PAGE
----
An intriguing, if occasionally obtuse, mixture of the historical and the supernatural.



A debut novel about a group of mysterious, night-dwelling creatures and their travels through history.

“Although there is of course no acknowledgment of their existence in our world, I can most emphatically attest to their presence.” So begins this story of the dark creatures known as Night-Travelers—or so they’re called by W. Arthur Richardson, a 1930s writer. He finds himself transfixed by a man named Jean Sylvan, who has good manners, stays in excellent hotels, and isn’t fond of the daytime. Richardson sees him take a young, timid coat-check girl into his company one night, and when he sees her again the next evening, transformed into a woman of the world, he knows something’s up, but he’s not sure exactly what. The girl mysteriously disappears shortly afterward, which, in that era, might have been chalked up as a replaceable loss of the lower orders—were it not for her concerned husband, Jack, who teams up with Richardson in his investigation. So begins a saga that eventually stretches all the way back to 1351 Scandinavia. It also extends forward to 1970s Vermont, where a graduate student named Fran picks up an unassuming hitchhiker wearing a dirty, calico skirt. When strange memories start flooding Fran’s mind, she’s swept up in a whirlwind of activity that eventually involves an aged, though still fiery, Jack. This ambitious novel has a complex scenario and an epic scale. Although the astute reader will surmise that Night-Travelers (or “Nåttfolk,” as they’re also called) are essentially vampires, the book manages to avoid many clichés of the horror genre. The tale is filled with ideas about memory and history, and fantastic and suspenseful scenes, as when a mysterious woman named Pamela Baldwin seeks shelter (“The Sun would be coming soon, and seized with panic, Pamela found herself on the porch of Jack’s farmhouse”). That said, the book can be muddled at times, due to its complexity and shifting cast of characters, and some portions prove difficult to follow. Some readers may get lost in shuffles of time, space and memory, as author Saknusseneouw attempts to distance the Nåttfolk from their more familiar literary cousins.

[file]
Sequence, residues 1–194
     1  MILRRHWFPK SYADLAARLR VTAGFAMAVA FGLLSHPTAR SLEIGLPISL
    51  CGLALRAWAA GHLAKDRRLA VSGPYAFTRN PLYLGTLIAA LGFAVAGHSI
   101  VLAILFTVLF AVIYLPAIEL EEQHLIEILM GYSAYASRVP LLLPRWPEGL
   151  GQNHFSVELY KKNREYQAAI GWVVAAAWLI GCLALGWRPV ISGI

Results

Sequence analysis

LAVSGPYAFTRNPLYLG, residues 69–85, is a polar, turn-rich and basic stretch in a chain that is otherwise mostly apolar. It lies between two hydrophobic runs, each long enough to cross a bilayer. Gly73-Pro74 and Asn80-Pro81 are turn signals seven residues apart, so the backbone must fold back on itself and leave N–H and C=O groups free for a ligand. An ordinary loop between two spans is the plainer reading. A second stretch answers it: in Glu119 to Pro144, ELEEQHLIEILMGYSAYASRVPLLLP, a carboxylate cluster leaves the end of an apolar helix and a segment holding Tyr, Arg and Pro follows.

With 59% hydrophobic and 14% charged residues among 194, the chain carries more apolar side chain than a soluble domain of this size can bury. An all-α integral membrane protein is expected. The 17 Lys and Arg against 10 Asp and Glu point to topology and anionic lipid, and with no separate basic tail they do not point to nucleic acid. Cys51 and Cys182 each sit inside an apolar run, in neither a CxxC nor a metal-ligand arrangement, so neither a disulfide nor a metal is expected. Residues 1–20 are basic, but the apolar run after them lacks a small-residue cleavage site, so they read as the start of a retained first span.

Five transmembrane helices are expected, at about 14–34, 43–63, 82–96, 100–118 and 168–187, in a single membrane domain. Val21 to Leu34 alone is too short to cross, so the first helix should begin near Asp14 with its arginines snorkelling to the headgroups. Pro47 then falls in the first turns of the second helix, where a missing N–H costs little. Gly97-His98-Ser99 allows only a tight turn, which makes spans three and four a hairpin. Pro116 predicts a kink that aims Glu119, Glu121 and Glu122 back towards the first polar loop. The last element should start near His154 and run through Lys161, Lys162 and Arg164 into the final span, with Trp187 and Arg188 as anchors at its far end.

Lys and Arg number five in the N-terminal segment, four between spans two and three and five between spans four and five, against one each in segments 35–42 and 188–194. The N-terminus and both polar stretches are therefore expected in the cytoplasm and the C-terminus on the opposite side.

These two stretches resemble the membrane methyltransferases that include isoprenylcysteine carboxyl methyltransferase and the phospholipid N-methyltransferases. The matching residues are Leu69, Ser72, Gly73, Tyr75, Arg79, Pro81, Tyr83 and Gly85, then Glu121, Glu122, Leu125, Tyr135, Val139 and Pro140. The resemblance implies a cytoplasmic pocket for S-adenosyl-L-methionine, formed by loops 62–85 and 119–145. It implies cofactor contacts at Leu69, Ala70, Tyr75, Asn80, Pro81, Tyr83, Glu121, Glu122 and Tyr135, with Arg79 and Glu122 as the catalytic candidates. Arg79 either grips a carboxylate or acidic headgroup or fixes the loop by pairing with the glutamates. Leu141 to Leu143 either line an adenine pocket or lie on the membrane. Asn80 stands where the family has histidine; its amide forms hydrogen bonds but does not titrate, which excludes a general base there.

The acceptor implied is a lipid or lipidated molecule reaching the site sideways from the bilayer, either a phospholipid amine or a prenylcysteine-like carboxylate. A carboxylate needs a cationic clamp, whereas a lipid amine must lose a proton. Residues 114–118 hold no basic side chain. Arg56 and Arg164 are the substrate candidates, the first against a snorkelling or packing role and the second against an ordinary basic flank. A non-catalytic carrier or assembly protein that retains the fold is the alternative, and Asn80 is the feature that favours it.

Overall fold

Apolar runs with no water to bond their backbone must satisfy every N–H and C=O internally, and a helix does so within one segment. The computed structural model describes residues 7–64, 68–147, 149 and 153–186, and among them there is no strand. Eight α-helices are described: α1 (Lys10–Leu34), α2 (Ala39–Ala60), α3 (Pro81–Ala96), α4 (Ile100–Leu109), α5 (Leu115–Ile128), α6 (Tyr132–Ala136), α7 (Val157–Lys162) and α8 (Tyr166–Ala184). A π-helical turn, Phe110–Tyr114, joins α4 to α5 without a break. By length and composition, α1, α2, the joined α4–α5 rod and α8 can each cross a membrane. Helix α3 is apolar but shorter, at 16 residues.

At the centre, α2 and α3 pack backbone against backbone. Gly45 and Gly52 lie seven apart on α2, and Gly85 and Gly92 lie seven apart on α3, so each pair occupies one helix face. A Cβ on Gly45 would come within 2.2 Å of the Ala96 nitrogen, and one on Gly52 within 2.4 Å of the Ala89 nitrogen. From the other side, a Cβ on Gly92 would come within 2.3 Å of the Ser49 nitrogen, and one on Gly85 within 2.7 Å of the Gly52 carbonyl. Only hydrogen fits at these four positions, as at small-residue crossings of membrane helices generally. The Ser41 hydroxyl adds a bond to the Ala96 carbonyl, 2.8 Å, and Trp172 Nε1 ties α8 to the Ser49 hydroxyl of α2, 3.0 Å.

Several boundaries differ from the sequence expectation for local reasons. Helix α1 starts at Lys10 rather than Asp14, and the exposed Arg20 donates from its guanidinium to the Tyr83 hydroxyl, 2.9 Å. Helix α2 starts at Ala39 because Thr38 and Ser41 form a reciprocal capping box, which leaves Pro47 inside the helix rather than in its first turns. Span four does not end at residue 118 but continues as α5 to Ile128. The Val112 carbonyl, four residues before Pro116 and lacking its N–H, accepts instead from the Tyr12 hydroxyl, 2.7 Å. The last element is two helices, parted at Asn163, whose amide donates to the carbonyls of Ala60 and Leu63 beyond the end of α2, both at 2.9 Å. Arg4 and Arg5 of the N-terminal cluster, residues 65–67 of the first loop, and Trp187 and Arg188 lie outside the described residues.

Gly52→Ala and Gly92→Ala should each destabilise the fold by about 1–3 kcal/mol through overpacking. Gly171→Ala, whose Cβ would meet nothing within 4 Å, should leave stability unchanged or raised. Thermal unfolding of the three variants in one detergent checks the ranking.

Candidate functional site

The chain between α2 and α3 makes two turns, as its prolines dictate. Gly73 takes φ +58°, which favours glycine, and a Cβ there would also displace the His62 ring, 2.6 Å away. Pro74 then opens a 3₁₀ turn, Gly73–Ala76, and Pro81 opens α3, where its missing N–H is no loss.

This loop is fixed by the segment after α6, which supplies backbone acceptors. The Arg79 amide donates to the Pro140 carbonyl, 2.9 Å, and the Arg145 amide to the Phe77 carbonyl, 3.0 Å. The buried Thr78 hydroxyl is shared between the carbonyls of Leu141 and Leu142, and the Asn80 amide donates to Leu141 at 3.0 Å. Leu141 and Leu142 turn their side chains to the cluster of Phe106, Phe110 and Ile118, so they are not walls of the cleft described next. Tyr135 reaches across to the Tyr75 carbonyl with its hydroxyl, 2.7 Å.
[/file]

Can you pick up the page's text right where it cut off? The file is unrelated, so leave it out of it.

An intriguing, if occasionally obtuse, mixture of the historical and the supernatural.

Pub Date: Nov. 27, 2013


Page Count: 393

Publisher: Musketaquid House

Review Posted Online: Sept. 19, 2014

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A tasty, if not always tasteful, tale of supernatural mayhem that fans of King and Crichton alike will enjoy.


Are we not men? We are—well, ask Bigfoot, as Brooks does in this delightful yarn, following on his bestseller World War Z (2006).